9:20 a.m.

Conservative

Arnold Viersen Conservative Peace River—Westlock, AB

Thank you.

9:20 a.m.

Liberal

The Chair Liberal MaryAnn Mihychuk

Questioning now moves to MP Romeo Saganash.

9:20 a.m.

NDP

Romeo Saganash NDP Abitibi—Baie-James—Nunavik—Eeyou, QC

Meegwetch.

[Member speaks in Cree ]

[English]

There are a lot of questions I want to ask following your presentation. I want to start off with your statement that if we are serious about reconciliation we need to look seriously at the report of the TRC and the “Calls to Action”.

In the 94 calls to action, the United Nations Declaration on the Rights of Indigenous Peoples is referred to at least 16 times, I think, including the two fundamental ones that are under the heading “Reconciliation”, calls to action 43 and 44. It calls on the Government of Canada, the provinces, territories, and municipalities “to fully adopt and implement” the UN declaration “as the framework for reconciliation”. That's an important recommendation, I believe.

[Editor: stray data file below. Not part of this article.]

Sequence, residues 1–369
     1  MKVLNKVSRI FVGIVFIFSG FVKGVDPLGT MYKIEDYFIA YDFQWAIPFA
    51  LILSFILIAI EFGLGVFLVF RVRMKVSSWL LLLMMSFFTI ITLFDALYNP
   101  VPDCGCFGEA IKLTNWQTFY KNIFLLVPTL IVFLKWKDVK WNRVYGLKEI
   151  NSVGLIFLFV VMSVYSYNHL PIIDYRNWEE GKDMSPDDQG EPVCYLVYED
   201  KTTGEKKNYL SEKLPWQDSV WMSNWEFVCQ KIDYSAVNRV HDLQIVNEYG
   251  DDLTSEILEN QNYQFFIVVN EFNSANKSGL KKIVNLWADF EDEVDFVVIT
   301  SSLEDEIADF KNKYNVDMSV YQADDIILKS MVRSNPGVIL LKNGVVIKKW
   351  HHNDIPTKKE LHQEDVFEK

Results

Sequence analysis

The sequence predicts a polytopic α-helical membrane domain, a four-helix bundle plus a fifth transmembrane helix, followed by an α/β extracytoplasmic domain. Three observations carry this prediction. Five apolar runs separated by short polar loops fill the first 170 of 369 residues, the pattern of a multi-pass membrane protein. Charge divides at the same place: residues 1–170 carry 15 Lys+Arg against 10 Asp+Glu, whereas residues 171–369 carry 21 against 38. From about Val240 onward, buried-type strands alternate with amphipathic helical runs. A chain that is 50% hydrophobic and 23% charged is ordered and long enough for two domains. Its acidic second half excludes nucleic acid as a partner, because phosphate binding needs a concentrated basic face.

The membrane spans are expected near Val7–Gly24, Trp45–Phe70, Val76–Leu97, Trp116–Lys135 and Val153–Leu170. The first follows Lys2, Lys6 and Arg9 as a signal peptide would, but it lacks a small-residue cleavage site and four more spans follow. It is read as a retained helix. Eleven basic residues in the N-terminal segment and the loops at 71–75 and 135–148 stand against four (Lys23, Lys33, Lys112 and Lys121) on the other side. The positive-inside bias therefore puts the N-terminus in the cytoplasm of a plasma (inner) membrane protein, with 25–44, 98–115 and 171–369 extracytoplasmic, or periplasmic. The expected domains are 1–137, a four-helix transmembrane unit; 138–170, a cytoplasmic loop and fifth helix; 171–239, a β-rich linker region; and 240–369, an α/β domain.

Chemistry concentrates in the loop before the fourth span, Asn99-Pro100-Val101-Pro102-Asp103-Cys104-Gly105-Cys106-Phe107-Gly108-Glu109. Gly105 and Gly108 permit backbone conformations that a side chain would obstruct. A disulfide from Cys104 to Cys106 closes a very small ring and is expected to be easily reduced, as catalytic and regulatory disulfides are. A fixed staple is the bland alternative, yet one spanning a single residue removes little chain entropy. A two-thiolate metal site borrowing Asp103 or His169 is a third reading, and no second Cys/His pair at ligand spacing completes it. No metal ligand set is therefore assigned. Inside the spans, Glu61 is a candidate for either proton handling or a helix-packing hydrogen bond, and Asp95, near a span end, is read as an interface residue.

Do you think that in undertaking this task that we have of reviewing this policy that we need that framework as well?

9:20 a.m.

Grand Chief, Manitoba Keewatinowi Okimakanak Inc.

Grand Chief Sheila North Wilson

Absolutely. I think it spells it out quite clearly and easily when you look at UNDRIP and the calls to action. It calls for mutual respect and even collaboration in working with our first nations to start to address a lot of these policies that negatively impact our communities. I think it's long overdue that we start implementing them. Our people are suffering every day under these policies, and it's not getting any better. I think the sooner we start to look at that and stop talking about reconciliation and start doing it....